Even if you have the Register Helper Add On activated, it will be temporarily deactivated during updates. The customization plugin above runs the pmpro_add_registration_field() function during init, and so your site will crash with a fatal error:undefined function when the Register Helper Add On gets deactivated during update.


How to fix or avoid undefined function errors.

The way to avoid undefined function errors is to make sure the function is defined before it gets used. The best way to do this is with the function_exists() PHP function.


Using function_exists()

At the very top of your function, add some code like this:

if(!function_exists('pmprorh_add_registration_field'))
    return;
 
//rest of your function code

These two lines will stop the function from executing any code below if the pmprorh_add_registration_field is not available, and this is exactly what we do in our register helper example code.


If your function expects a return parameter, you’ll have to return the value expected

Some functions (e.g. callback methods for WP filters) expect a certain return value. Here is how you would do that if you were filtering on the the_content hook:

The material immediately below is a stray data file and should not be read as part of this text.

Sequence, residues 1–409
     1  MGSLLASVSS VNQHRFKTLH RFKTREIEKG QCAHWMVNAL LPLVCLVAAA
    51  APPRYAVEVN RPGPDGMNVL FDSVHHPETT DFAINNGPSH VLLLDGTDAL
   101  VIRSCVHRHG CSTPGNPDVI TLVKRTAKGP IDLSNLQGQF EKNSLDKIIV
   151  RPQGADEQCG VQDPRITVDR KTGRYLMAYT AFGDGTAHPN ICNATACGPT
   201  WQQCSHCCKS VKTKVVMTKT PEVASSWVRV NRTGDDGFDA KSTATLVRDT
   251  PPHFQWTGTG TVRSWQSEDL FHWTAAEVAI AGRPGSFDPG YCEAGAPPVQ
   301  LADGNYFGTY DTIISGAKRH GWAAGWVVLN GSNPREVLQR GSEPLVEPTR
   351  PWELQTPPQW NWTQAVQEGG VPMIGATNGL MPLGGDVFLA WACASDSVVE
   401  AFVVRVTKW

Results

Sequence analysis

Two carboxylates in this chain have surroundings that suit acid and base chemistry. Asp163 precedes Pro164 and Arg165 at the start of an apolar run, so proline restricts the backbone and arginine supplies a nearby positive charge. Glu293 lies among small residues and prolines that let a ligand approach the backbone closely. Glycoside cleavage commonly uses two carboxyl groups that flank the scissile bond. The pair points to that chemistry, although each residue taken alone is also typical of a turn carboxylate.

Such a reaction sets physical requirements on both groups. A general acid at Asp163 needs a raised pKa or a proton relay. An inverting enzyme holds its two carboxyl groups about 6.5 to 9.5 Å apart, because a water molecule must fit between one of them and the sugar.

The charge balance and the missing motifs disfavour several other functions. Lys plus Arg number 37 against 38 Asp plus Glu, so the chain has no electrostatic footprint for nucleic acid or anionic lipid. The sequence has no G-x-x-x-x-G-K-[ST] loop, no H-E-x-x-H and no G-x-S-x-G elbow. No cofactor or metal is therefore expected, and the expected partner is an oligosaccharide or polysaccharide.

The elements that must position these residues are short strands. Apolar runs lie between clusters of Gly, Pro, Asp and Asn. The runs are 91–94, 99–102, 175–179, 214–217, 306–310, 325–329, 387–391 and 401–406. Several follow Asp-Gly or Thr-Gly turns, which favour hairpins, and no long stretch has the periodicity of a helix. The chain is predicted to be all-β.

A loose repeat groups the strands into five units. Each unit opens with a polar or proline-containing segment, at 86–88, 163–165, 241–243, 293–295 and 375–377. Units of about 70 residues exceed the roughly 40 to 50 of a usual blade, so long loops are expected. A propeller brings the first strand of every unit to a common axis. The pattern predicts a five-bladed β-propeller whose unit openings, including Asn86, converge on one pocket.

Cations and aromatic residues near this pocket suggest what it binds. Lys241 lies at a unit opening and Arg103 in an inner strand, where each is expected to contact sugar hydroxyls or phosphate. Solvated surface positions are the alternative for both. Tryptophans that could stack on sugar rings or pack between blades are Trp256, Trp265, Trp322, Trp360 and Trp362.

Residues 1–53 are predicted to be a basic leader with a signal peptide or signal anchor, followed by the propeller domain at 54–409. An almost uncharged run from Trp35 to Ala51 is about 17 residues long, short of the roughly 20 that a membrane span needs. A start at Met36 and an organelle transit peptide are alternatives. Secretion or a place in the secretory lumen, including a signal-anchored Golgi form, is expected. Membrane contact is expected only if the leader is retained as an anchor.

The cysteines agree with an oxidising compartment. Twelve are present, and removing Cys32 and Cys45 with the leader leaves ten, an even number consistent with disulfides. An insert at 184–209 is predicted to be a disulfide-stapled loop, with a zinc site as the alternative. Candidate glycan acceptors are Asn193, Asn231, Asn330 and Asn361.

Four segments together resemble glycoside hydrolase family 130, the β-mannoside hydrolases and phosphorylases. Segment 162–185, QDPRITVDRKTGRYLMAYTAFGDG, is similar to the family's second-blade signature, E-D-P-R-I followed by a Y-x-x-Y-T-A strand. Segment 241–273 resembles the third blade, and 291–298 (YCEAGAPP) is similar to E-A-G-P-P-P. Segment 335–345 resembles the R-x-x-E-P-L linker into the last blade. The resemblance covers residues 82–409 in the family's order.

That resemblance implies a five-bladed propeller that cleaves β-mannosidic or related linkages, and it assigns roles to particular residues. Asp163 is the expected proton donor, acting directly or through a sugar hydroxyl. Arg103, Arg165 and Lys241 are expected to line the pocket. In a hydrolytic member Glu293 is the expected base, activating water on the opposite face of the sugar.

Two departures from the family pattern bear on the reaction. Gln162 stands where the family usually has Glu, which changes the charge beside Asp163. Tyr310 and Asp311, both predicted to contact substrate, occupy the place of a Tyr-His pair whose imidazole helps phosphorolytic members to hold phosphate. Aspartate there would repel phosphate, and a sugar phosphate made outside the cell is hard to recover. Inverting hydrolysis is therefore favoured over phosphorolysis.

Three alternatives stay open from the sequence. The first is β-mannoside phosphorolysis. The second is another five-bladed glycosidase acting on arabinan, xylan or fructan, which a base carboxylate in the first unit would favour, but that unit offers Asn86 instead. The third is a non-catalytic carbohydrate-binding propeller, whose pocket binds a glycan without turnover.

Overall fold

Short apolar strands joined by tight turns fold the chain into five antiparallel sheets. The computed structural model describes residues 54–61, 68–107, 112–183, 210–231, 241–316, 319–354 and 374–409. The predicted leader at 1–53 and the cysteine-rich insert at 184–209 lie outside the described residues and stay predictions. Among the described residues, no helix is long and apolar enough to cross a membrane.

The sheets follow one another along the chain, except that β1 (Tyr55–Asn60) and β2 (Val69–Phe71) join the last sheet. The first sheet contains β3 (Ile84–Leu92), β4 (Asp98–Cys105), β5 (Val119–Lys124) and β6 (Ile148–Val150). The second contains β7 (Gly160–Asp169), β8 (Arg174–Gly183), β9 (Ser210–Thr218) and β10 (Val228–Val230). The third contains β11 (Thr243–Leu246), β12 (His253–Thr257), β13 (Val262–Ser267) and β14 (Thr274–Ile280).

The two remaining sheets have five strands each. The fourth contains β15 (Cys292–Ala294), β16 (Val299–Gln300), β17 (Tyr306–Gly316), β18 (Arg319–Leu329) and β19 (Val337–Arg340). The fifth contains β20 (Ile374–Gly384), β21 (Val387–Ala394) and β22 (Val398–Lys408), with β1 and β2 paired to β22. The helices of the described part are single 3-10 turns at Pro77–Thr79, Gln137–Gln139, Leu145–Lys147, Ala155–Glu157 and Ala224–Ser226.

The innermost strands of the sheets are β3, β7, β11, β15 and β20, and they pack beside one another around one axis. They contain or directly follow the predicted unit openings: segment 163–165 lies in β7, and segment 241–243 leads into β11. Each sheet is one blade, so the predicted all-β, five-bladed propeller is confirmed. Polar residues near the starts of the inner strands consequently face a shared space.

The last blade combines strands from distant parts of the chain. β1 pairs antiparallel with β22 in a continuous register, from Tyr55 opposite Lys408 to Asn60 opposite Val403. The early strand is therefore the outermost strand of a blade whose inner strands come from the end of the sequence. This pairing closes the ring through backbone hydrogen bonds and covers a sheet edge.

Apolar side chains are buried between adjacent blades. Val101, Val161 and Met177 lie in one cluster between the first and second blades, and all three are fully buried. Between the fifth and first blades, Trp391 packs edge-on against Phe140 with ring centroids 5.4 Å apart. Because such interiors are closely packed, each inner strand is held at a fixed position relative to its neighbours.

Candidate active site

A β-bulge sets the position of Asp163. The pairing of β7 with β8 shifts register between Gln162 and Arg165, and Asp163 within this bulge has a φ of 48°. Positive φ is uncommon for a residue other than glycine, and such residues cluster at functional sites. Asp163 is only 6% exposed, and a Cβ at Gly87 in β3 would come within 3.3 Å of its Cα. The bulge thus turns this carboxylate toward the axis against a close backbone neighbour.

function my_the_content_filter($content) {
    //bail if PMPRo is not active
    if(!function_exists('pmpro_has_membership_access'))
        return $content;  //return the original content
 
    //... the rest of your code to filter the_content ...
    return $content;
}

When using plugin functions in a theme file or template, use function_exists() right before the call

In the example above, we used the function_exists() call at the top of a function as a test to see if a plugin is activated before executing the rest of the function. Similarly, if you are using a plugin’s function in your theme’s files or templates, you should use a function_exists() test right before the call just in case that plugin is not activated.